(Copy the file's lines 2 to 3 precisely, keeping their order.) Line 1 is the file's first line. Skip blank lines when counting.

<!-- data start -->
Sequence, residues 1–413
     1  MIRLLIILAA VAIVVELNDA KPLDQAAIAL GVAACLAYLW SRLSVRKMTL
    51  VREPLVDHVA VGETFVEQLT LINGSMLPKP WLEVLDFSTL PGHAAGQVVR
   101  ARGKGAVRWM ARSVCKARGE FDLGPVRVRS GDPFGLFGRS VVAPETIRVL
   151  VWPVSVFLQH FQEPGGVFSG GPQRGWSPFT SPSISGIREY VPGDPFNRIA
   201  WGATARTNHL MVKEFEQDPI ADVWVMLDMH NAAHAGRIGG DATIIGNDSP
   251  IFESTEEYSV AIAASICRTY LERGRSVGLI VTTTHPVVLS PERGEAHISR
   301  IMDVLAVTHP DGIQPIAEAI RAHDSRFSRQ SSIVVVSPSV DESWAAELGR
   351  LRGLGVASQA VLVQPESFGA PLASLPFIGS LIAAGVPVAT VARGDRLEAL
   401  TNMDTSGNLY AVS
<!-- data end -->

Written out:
     1  MIRLLIILAA VAIVVELNDA KPLDQAAIAL GVAACLAYLW SRLSVRKMTL
    51  VREPLVDHVA VGETFVEQLT LINGSMLPKP WLEVLDFSTL PGHAAGQVVR